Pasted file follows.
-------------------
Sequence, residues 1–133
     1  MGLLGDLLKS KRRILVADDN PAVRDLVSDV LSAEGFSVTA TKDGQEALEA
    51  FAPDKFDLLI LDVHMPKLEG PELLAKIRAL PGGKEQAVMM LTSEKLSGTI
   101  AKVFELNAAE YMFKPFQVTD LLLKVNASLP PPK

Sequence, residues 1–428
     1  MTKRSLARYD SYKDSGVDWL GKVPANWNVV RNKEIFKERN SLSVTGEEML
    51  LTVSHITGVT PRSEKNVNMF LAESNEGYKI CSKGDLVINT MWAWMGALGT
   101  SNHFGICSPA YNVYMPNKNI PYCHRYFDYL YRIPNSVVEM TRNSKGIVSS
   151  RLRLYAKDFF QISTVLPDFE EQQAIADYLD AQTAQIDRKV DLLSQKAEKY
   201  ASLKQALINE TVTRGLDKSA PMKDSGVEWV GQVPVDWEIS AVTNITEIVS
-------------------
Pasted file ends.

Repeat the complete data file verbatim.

Sequence, residues 1–133
     1  MGLLGDLLKS KRRILVADDN PAVRDLVSDV LSAEGFSVTA TKDGQEALEA
    51  FAPDKFDLLI LDVHMPKLEG PELLAKIRAL PGGKEQAVMM LTSEKLSGTI
   101  AKVFELNAAE YMFKPFQVTD LLLKVNASLP PPK

Sequence, residues 1–428
     1  MTKRSLARYD SYKDSGVDWL GKVPANWNVV RNKEIFKERN SLSVTGEEML
    51  LTVSHITGVT PRSEKNVNMF LAESNEGYKI CSKGDLVINT MWAWMGALGT
   101  SNHFGICSPA YNVYMPNKNI PYCHRYFDYL YRIPNSVVEM TRNSKGIVSS
   151  RLRLYAKDFF QISTVLPDFE EQQAIADYLD AQTAQIDRKV DLLSQKAEKY
   201  ASLKQALINE TVTRGLDKSA PMKDSGVEWV GQVPVDWEIS AVTNITEIVS